Protective effect of diallyl sulfide against lead-mediated oxidative damage, apoptosis and down-regulation of CYP19 gene expression in rat testes.
Life Sci. 2019 Apr 12. Epub 2019 Apr 12. PMID: 30986445
AIMS: The present study aimed to investigate the potential therapeutic effect of diallyl sulfide (DAS), a natural component of garlic (Allium sativum), in the improvement of lead (Pb)-induced testicular toxicity and its underlying mechanisms.
MATERIALS AND METHODS: Thirty-two male albino rats were randomly divided into control, PbAc (20 mg lead acetate/kg bwt, orally), DAS (200 mg/kg bwt, orally), and PbAc + DAS groups for 49 successive days. The investigation based on the following criteria: Paired testes and epididymides weights, epididymal sperm analysis, level of serum sex hormones (Testosterone and17β-estradiol (E2)), aromatase (CYP19) expression, Malondialdehyde (MDA), Nitric oxide (NO), Superoxide dismutase (SOD) enzyme, reduced glutathione (GSH), testicular histopathology, spermatogenesis score and apoptosis detection (Caspase-3 immunoexpression).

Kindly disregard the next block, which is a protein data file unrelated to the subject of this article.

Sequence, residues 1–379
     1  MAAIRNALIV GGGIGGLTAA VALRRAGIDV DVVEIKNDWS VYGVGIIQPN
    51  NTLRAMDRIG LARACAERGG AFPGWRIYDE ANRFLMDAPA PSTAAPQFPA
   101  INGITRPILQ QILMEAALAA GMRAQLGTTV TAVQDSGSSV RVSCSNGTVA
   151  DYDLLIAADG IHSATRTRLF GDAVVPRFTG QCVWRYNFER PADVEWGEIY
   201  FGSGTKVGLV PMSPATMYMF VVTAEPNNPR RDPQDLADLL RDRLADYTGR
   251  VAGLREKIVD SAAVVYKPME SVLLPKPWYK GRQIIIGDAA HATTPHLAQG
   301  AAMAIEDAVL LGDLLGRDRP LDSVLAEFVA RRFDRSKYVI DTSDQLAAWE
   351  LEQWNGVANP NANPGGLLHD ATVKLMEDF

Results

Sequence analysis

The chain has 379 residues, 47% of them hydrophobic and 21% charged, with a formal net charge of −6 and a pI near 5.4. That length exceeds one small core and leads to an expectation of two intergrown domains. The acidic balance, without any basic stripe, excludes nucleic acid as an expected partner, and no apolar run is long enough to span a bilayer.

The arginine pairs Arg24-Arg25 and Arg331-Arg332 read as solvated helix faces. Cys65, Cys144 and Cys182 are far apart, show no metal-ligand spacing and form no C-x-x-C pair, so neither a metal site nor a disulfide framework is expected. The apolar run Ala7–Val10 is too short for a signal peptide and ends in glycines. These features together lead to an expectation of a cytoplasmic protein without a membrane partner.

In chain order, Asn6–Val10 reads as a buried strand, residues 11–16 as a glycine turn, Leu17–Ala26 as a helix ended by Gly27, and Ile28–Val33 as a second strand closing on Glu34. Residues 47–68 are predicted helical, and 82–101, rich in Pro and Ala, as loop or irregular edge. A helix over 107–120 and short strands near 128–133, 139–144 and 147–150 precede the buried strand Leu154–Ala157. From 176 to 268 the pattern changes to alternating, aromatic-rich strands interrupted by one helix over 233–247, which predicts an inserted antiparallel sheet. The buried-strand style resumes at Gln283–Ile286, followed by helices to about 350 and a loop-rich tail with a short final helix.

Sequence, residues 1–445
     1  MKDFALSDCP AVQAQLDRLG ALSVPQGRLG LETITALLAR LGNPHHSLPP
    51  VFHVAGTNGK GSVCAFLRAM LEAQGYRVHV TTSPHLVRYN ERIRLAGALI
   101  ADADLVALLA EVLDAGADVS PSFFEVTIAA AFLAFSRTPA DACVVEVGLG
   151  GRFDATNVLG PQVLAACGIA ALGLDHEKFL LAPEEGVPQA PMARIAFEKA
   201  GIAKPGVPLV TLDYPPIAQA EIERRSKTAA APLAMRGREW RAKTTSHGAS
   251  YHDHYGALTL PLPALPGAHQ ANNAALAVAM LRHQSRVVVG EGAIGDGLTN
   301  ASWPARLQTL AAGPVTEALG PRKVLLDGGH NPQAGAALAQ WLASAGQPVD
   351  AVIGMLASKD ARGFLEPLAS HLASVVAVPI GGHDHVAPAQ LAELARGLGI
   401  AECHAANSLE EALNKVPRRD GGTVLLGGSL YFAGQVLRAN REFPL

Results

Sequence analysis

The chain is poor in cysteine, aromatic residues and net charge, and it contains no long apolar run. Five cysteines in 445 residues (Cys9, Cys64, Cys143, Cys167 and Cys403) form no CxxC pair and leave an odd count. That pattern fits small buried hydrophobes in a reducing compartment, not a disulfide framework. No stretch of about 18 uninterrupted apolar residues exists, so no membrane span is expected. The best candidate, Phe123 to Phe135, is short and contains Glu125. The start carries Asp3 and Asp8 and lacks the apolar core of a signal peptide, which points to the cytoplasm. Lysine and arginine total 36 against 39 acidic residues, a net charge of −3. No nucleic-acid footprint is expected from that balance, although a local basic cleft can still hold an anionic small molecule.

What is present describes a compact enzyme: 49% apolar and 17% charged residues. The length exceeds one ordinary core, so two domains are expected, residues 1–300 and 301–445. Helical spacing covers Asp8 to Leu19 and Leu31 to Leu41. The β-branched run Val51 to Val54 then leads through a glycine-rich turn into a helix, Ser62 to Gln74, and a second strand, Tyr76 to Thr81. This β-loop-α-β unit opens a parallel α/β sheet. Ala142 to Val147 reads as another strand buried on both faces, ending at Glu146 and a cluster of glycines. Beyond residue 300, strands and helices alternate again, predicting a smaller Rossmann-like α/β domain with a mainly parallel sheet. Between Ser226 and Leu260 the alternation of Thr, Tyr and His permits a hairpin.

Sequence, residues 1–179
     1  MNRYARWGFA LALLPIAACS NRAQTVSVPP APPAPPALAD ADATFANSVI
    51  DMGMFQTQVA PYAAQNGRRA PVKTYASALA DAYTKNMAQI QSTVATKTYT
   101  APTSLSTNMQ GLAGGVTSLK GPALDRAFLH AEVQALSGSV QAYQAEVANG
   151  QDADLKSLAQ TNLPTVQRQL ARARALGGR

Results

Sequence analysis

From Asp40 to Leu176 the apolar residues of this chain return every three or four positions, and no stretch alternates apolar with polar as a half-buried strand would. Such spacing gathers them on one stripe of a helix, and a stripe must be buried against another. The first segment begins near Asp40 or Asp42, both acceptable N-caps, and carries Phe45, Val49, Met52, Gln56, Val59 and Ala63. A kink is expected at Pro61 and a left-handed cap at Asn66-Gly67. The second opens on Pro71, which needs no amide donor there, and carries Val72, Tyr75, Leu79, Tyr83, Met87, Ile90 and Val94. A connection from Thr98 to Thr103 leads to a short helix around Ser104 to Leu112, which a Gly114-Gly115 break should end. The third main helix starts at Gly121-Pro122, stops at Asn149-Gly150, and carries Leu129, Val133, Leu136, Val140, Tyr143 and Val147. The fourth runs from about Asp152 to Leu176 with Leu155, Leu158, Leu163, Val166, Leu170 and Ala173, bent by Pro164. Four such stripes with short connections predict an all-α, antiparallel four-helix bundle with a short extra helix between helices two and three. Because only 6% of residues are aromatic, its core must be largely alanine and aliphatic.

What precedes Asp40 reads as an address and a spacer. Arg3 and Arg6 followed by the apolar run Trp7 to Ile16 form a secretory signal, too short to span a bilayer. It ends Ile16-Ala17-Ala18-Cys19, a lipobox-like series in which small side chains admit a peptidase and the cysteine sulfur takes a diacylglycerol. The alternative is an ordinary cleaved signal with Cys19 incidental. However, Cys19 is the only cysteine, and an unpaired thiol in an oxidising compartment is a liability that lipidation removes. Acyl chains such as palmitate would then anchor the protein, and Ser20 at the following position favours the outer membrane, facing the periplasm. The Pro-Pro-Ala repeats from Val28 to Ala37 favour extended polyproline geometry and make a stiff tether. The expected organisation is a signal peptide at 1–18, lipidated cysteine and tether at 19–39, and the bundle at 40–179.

KEY FINDINGS: Pb caused significant decline in epididymal sperm count and motility, testes and epididymes weights, spermatogenesis score and serum testosterone and1E2, as well as a significant decrease in SOD and GSH level, and a significant elevation of MDA and NO compared to a control group. In addition, Pb induced significant downregulation of CYP19 gene expression, increase of Caspase-3 immunoreactivity, various testicular degenerative and necrotic changes. Whereas, co-treatment of rats with DAS improved sperm analysis, and testicular histology and antioxidative status. Furthermore, DAS co-administration regulated testicular CYP19 and Caspase-3 expressions.
SIGNIFICANCE: Collectively, DAS seemed to be a promising agent for protection against Pb-induced testicular toxicity through antioxidative properties, beside regulation of testicular apoptosis and aromatase expression.